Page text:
Can there be a man more charming and self loathing as Grant and a girl as beautiful and amazing as Barrymore? In the box office success Music and Lyrics of 2007, two of the most unlikely of on screen combinations came together and rose with epic colors of romance, love and fun in a nice, easy going storyline. Down on his luck singer and pop artist past his prime, Alex Fletcher, stumbles upon pretty girl Sophie Fisher who writes beautiful lyrics in her free time. And then what happens? A lot more than just song writing. Combining creative forces with Sophie’s gift for lyric writing, Fletcher (Grant) revives his sinking career and in the process obliges ogling female fans, whilst still reserving his best for the charming New Yorker (Barrymore). There’s a weird pseudo songwriter, a classic piano set, a ravishing apartment where Fletcher lives and a funny personal secretary and Fletcher’s man Friday, that together make Music and Lyrics an engaging hit and a warm appetizer for that perfect weekend activity to escape from the suburban blues.
Arnold Schwarzenegger and Danny Devito In Twins
How often does one expect a man as rough and strong as Arnold Schwarzenegger without dumbbell bars and lazer guns and, how often do we imagine Danny Devito without the stand up comic mic? In twins, director Ivan Reitman brought together two stars of a rather polarized genres of movie making together to kick up some comic action on the big screen. And, boy did it create some hysteria! Twins was the second time that two extremely successful stars of Hollywood cinema were brought together with Junior being rather the distasteful comic occurring borne out of their creative collaboration. For Arnold’s sweet and shy performance as the unlikely twin brother of the small time crook Devito, the audience felt the charm, warmth, engagement and loud cracking of comic nut by their relentless duo’s performance. It would be one of the rare occasions where Schwarzenegger wasn’t seen in his muscle pumping depiction and Devito was seen taking the wit out of his twin brother on screen. Shot and released in 1988, it went on to be a masterly comic caper born out of superbly light storytelling and witty performances by its lead cast.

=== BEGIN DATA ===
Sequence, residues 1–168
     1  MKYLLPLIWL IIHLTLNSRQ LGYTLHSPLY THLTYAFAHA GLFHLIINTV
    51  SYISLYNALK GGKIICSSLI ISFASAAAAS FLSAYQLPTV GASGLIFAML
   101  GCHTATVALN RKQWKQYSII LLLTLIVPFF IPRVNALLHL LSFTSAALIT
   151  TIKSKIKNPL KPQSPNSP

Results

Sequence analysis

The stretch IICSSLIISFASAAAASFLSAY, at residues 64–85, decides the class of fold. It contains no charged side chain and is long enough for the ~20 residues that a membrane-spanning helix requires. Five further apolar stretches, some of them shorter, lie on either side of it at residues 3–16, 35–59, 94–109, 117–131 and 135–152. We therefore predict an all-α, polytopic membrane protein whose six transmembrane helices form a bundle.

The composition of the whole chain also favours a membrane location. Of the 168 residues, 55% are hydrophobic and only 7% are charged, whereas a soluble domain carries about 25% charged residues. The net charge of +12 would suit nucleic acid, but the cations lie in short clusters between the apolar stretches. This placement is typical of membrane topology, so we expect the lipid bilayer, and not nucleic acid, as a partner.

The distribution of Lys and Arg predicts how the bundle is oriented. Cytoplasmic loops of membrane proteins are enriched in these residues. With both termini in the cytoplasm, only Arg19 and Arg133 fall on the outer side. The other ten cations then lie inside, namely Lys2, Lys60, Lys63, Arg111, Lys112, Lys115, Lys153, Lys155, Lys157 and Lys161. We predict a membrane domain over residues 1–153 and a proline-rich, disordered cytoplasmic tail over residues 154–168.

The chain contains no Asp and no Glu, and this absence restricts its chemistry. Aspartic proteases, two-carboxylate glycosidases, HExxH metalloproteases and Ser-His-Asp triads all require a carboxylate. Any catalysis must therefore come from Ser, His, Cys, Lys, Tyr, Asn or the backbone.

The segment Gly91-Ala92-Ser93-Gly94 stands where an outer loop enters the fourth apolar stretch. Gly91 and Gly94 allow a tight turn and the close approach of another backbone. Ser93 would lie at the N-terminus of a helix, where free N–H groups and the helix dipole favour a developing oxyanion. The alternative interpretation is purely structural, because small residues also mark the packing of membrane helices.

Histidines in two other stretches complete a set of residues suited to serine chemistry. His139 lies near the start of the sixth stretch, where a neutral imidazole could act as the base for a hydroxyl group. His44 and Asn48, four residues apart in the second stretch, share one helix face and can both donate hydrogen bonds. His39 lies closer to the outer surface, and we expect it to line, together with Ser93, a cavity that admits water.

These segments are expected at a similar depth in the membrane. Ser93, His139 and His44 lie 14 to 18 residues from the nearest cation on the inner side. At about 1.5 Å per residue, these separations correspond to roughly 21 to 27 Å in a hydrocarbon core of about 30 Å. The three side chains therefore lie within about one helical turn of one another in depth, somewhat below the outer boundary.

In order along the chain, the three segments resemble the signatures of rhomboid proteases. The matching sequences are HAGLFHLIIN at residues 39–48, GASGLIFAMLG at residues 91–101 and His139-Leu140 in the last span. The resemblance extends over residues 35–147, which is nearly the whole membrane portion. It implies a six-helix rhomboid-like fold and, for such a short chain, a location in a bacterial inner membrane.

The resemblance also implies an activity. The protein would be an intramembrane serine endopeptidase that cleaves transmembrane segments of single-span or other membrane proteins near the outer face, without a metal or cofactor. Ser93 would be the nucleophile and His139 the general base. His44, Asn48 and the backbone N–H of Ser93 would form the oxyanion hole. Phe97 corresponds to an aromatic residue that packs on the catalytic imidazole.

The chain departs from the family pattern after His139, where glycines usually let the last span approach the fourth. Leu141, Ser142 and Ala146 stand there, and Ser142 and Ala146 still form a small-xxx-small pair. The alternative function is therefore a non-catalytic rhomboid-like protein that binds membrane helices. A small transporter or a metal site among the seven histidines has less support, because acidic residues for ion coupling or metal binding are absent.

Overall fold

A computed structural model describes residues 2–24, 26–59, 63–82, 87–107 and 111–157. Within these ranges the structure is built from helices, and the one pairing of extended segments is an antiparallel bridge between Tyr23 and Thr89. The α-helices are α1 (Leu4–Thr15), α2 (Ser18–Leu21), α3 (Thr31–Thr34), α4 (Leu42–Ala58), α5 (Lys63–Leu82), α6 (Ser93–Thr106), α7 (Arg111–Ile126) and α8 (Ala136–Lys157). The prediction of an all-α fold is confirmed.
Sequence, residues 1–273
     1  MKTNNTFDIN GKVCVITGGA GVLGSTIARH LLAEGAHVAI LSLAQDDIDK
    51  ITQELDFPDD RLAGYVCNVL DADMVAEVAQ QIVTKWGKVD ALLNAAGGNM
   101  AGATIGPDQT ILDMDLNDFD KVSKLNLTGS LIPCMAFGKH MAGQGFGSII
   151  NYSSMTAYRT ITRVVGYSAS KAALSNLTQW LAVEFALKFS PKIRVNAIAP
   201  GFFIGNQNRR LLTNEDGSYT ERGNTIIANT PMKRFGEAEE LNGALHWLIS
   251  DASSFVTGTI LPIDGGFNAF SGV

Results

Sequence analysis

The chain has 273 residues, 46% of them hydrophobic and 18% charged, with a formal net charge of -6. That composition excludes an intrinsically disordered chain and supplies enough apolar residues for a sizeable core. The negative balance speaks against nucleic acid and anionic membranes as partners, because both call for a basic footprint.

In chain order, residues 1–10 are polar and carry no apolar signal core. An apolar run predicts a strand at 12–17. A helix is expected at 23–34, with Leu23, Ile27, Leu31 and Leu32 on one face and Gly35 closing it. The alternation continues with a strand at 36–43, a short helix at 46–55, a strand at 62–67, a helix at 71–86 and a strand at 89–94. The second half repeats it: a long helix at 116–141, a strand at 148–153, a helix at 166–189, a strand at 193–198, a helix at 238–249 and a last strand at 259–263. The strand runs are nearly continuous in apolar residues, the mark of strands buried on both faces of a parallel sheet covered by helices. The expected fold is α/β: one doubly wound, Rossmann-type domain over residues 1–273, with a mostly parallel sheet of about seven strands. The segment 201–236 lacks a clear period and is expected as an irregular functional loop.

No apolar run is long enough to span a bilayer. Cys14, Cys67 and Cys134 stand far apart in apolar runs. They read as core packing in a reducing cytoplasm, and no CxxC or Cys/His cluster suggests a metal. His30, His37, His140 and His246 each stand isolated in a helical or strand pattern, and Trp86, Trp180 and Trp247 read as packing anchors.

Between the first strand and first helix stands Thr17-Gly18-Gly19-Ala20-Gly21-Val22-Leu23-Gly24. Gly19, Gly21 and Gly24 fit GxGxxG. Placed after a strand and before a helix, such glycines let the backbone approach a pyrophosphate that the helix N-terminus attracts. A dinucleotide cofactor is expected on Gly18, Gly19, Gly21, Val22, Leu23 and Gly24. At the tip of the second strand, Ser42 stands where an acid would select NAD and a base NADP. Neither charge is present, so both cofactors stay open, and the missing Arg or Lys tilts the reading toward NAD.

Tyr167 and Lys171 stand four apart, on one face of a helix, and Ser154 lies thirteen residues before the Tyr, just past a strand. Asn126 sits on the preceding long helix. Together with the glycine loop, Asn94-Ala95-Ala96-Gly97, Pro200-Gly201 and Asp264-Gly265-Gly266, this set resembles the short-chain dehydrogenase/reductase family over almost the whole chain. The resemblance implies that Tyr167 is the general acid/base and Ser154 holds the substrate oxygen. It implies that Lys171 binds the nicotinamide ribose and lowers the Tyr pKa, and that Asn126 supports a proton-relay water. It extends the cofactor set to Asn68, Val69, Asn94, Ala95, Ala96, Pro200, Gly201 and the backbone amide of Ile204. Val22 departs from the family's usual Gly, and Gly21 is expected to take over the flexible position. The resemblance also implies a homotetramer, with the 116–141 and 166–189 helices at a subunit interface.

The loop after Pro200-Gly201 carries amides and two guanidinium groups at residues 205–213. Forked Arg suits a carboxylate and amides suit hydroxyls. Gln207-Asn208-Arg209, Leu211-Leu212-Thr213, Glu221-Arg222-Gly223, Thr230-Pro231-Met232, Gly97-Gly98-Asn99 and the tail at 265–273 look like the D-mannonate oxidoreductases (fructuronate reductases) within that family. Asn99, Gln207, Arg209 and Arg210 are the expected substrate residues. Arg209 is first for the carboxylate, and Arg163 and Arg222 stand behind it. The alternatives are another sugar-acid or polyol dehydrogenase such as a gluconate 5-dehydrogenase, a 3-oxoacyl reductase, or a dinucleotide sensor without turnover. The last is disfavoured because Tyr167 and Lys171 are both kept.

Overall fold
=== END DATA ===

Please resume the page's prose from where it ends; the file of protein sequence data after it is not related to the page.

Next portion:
Clint Eastwood and Meryl Streep In The Bridges of Madison County
The man with no name, Clint Eastwood has avidly filled the void left by John Wayne, ever since he came to rest the mantle of the cowboy in western cinema. Eastwood, since then has not only been the ravaged and eyebrow flashing cowboy outlaw out for revenge, but the director par excellence who regards mediocre cinema as the best definition of the word grotesque. He’s directed stars like Kevin Spacey, John Cusack and Kevin Costner in cult hits and has himself furthered an already successful acting career for his flawed yet cool depiction of San Francisco city cop Inspector Harry Callahan in Dirty Harry. So when he directed himself in the utterly lovable The Bridges of Madison County, in 1995, for the first time, he came to embrace the charms of Meryl Streep: another rising legend of Hollywood. In the timeless love classic from 1995, Eastwood struck box office gold for his enchanting chemistry with Streep where photographer Robert Kincaid’s unexpected 3 day romance with charming Meryl Streep over an intense visitation and survey of the bridges in the country, left box office colored with romantic liaisons, that only elevated Meryl Streep’s brilliant acting chart for her portrayal of a simple, shy, unhappy housewife in one of those quaint and sleepy houses of Madison County.
The film was received with rave reviews for the subtle yet elating depiction of Eastwood’s rugged suave and Streep’s character that echoed a soft voice of tumult crying amidst despair and hope sought from newfound love.